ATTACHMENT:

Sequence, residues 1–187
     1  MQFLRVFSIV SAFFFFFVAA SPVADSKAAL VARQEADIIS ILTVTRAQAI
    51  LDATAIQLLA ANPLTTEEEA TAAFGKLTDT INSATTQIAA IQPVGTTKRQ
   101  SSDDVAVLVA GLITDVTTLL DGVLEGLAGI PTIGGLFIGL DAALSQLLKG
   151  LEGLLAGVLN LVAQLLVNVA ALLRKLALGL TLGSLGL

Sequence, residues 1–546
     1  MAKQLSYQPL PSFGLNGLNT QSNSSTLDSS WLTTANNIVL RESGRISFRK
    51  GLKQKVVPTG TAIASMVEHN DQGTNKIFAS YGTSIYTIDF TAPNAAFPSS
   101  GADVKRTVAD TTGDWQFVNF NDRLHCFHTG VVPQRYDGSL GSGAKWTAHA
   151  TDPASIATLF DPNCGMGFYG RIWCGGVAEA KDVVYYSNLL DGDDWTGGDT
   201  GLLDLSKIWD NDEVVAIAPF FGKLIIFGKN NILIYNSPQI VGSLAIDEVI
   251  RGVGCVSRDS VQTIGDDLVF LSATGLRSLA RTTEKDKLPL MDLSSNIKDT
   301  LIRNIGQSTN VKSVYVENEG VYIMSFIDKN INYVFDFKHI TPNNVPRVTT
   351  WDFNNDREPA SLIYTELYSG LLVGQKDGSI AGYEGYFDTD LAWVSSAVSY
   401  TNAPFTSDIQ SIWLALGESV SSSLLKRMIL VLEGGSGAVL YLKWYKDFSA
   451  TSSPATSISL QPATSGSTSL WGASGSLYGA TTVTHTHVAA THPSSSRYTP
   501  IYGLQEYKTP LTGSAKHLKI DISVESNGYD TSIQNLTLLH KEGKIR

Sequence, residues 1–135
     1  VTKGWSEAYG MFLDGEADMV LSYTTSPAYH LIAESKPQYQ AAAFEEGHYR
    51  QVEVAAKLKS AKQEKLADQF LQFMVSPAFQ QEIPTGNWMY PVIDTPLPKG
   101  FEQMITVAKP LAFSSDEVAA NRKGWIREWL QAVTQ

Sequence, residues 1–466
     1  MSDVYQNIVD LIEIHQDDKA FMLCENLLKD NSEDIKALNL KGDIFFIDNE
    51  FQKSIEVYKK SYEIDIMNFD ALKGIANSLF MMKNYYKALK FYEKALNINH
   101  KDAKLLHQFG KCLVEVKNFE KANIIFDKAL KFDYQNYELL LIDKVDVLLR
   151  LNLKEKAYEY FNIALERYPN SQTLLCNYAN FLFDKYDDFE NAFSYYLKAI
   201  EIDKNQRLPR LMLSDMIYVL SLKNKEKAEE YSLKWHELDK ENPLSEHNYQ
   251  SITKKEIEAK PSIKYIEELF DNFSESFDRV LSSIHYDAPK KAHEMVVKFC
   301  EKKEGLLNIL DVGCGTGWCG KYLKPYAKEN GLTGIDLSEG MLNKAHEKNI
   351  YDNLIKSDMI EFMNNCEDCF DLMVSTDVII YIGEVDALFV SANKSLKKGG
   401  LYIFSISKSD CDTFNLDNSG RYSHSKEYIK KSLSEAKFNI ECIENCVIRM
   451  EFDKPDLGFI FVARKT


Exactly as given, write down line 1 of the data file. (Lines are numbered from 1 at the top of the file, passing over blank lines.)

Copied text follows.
Sequence, residues 1–187